Why Act 31 Viewpoints: Aaron Bird Bear | J P Leary
Since 1989, Wisconsin has required instruction in the history, culture, and tribal sovereignty of then eleven federally recognized tribes and bands in the state for K-12 schools and teacher education programs.
Anyone seeking a license to serve as a professional educator in the state, as a teacher, pupil services professional, or administrator, must receive instruction in these areas. These requirements are a product of the violent treaty rights controversy in the 1980s and early 1990s and of past educational policy decisions that contributed to widespread public ignorance and misunderstanding of Native people.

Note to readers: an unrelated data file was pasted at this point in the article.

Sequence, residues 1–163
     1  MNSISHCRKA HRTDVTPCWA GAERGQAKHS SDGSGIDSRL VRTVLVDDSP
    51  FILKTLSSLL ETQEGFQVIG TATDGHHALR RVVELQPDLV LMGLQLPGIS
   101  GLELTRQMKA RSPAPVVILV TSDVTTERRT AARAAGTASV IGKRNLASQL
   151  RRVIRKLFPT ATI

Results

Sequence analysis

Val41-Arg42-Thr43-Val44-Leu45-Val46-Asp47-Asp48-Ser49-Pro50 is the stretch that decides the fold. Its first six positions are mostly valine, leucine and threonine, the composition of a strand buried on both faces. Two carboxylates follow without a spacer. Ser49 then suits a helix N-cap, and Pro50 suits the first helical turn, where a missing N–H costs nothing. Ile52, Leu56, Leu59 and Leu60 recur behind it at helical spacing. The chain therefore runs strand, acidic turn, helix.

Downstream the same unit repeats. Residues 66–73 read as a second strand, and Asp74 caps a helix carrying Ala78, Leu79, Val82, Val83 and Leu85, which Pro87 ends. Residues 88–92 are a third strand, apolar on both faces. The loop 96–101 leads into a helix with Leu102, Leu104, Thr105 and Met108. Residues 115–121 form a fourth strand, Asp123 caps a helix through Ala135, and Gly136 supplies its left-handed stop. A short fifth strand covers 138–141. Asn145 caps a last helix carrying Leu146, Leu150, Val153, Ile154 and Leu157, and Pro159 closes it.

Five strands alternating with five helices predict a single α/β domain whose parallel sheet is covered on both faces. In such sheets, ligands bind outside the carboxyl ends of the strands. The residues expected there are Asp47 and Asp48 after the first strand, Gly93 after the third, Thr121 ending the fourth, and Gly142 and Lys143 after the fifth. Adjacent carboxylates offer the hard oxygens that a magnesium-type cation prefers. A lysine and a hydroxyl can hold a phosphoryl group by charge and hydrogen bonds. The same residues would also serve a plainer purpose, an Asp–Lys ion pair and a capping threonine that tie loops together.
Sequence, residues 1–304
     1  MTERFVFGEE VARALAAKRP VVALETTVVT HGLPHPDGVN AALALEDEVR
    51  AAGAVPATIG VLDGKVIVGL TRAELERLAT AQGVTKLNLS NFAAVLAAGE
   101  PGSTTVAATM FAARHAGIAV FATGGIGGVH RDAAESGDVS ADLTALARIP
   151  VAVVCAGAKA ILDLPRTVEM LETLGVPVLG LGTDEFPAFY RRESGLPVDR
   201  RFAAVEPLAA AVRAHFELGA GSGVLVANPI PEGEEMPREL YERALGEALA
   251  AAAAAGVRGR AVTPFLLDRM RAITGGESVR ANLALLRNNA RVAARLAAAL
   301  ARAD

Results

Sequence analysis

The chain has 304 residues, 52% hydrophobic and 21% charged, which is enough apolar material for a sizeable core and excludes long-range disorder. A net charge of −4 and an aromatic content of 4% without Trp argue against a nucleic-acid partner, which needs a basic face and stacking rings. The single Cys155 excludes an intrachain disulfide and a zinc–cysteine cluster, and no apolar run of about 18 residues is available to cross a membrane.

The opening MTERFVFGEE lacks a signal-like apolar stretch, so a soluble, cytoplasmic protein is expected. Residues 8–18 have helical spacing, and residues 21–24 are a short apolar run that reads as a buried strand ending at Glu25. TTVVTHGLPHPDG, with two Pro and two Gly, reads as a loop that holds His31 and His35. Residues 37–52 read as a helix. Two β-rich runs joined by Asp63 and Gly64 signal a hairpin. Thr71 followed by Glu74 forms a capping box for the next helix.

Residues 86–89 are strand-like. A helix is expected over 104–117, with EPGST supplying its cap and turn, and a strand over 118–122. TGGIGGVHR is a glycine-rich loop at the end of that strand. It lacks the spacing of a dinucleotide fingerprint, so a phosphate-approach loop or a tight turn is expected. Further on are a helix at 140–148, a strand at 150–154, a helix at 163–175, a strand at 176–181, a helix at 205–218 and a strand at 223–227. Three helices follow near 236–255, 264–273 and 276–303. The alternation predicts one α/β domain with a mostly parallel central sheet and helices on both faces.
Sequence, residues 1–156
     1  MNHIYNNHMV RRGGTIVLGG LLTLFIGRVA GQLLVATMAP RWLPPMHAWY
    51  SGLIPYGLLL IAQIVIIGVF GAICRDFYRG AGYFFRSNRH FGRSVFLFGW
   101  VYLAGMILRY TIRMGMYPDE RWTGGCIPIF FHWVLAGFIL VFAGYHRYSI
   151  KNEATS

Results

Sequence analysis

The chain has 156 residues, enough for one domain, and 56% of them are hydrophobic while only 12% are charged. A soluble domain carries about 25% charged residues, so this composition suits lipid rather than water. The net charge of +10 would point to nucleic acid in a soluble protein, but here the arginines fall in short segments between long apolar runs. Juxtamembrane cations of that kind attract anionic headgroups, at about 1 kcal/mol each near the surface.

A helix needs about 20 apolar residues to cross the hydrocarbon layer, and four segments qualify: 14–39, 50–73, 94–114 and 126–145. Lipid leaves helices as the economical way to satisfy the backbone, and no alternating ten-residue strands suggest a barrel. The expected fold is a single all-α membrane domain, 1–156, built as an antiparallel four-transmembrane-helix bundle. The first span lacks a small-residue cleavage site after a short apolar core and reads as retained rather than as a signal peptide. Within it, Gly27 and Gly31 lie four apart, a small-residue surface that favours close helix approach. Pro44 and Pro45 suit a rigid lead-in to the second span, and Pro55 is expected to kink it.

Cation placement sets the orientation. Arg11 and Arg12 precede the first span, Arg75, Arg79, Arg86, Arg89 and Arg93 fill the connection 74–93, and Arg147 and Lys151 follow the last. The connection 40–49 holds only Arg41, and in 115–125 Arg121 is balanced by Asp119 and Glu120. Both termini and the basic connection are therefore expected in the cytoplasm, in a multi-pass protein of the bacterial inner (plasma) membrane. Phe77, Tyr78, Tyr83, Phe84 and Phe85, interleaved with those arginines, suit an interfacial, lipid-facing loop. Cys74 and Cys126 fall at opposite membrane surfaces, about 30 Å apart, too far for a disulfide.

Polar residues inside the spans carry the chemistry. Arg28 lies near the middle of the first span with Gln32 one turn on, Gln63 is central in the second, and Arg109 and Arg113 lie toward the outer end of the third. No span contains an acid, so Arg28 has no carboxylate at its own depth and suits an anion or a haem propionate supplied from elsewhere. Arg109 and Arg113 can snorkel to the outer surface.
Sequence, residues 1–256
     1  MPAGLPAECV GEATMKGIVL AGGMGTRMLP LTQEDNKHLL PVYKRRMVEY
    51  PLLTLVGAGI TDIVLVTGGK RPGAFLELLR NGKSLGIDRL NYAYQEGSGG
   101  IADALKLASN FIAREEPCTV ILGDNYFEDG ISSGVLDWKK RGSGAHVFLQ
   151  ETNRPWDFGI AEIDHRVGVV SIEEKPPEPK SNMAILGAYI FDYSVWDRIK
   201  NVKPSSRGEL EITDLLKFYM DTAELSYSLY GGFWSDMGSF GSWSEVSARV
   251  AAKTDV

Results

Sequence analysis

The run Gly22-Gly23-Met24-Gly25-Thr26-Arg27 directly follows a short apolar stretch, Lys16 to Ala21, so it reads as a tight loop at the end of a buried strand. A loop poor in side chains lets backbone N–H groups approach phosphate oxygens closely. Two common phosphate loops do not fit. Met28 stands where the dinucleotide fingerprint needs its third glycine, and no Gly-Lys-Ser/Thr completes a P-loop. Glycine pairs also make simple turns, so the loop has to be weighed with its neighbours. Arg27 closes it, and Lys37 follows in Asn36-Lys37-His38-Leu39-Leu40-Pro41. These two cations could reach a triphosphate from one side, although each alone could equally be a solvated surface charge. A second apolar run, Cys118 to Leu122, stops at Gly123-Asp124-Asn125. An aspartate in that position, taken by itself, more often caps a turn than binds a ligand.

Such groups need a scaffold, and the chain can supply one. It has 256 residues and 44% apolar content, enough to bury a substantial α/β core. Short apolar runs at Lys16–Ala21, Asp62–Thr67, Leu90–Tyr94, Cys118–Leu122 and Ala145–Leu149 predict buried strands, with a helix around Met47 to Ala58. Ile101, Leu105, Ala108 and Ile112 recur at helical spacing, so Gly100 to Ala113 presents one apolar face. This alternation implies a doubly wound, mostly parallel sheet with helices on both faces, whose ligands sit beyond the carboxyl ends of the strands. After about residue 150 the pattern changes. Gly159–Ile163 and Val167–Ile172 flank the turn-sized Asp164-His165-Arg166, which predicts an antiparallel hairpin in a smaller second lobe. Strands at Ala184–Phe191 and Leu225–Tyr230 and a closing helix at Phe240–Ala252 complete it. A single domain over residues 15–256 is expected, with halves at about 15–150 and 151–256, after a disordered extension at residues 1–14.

Wisconsin’s Model Academic Standards for Social Studies,
the statutorily required area of instruction, also reflect these requirements. (see “American Indian Studies, Standards, and Curriculum”).
In a local control state like Wisconsin, each school district sets their own scope and sequence, but the required instruction typically takes place in Wisconsin in fourth or fifth grade (Wisconsin history), seventh or eighth grade (U.S. history), and in high school in U.S. History or Civics.